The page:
Lands­bank­inn’s Eco­nom­ic Fore­cast for 2021-2023: Glim­mer of day­light fol­lows gloomy year

The forecast of Landsbankinn Economic Research for the years 2021-2023 assumes that recovery will begin in the second quarter of 2021 and that GDP will grow by 5% during the year. Good progress of immunisation programmes, both domestically and in main trading partner countries, indicates that the travel sector will be quicker to regain its feet than assumed last fall.
18 May 2021

Economic Research forecasts conservative yet robust growth in 2022, but slower growth in 2023 than previously expected. The outlook is for a slow and steady decline in inflation as the year progresses and the impact of the pandemic on commodities prices and freight cost recedes.

ISK appreciation in recent months, a considerable negative output gap and cautious steps to raise policy rates in the latter part of the year should contribute to inflation near the CBI’s target at around mid-2022.

Daníel Svavarsson, Head of Landsbankinn Economic Research: “The outlook for this year has improved rapidly the last couple of months. This is first and foremost due to quick progress of vaccination campaigns both in Iceland and our main trading partners, but also international interest in the volcanic eruption in Geldingadalir. Both these factors will help the travel industry regain its feet faster than we expected last fall. On the other hand, the inflation outlook has rather deteriorated in the past few months and we do not expect inflation to reach the CBI’s target until mid-2022.”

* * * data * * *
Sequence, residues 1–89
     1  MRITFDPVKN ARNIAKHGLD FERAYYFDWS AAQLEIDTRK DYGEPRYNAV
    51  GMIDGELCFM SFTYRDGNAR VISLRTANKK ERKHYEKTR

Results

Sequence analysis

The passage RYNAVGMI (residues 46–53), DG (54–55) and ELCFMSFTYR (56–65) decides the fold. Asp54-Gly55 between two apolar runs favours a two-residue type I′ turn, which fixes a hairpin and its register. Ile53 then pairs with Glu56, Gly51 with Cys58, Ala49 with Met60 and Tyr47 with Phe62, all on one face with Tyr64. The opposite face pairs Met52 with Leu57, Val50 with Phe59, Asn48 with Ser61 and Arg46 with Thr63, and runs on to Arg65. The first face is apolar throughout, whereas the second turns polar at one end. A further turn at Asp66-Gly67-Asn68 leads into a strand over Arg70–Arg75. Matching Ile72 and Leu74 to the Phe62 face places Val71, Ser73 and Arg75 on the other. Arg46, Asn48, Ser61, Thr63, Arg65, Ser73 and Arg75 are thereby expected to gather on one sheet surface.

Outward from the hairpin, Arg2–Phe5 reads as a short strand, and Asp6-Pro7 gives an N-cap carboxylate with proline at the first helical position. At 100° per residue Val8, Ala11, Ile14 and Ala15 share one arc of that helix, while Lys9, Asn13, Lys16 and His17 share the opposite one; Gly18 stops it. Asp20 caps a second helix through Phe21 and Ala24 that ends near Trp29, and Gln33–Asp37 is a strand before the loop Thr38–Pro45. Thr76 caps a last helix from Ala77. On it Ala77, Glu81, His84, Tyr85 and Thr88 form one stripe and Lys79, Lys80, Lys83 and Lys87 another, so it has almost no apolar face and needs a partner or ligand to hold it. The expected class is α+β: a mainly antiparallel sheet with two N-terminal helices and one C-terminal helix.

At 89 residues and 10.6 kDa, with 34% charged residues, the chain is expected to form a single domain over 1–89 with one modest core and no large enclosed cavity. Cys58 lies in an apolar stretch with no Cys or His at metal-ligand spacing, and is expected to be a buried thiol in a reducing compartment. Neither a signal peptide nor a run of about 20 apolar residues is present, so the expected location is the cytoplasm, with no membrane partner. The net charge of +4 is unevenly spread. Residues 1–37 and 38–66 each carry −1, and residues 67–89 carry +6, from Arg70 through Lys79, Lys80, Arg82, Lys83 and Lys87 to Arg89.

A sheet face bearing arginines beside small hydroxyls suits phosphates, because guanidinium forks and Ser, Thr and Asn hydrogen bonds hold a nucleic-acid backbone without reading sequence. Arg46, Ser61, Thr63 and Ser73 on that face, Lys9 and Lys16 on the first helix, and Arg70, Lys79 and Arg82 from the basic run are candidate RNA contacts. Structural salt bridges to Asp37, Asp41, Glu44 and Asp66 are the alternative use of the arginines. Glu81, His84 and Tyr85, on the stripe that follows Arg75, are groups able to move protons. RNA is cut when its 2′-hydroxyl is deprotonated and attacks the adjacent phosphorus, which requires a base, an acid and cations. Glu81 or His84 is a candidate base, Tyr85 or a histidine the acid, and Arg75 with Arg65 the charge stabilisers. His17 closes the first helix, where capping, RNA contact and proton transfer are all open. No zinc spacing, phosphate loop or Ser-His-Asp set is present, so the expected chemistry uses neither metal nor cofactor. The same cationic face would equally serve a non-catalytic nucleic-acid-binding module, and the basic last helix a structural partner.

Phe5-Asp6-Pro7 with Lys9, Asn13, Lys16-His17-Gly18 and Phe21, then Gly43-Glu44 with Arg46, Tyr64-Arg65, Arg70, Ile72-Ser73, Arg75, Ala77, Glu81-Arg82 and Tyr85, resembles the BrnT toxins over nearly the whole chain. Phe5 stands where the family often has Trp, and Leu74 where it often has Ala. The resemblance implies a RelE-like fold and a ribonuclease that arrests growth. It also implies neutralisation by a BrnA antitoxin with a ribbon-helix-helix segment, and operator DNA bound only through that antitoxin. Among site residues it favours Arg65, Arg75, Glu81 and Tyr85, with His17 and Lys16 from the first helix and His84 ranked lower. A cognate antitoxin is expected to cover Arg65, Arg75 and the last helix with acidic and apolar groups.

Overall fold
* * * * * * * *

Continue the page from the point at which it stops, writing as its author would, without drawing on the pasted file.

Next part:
Key points from the economic forecast:

  • The outlook is for successful restraint of the Covid-19 pandemic in the latter part of 2021 and for a 4.9% increase in GDP growth in Iceland this year. Export increases by just over 15%, private consumption by 3.8% and total capital formation by 5.5%.
  • Continuous economic growth is expected over the coming two years; 3.3% in 2022 and 2.2% in 2023. GDP is expected to attain pre-pandemic levels towards the end of 2022.
  • Around 800,000 tourist arrivals are expected in 2021, 1.5 million in 2022 and 2 million in 2023.
  • Unemployment levels will recede and registered unemployment average 8.8% this year, dropping to 5.5% next year and to 4.6% in 2023.
  • The trade balance is expected to be positive at 1.1% of GDP on average in the next three years.
  • Inflation will peak in Q2 of 2021 and hover appreciably over target for the remainder of the year only to trend down to target around mid-2022. Inflation is estimated to average 4% this year, 2.5% next year and 2.6% in 2023.
  • The forecast assumes a policy rate hike in the latter part of the year and for the CBI’s key rate to be 1.5% at year-end, rising to 2.5% in 2022 and to 2.75% by the end of 2023.
  • The real estate market picked up sharply in spring following rate cuts. We assume that real estate prices will increase by 10.5% between annual averages this year only to slow down considerably in coming years.
  • The National Treasury has assumed significant burdens in the recession. The budget for 2021 was passed with an ISK 326 billion deficit. Public consumption expenses grew by 3.1% in 2020 and we forecast a 2% increase this year.

A summary in English (PDF)

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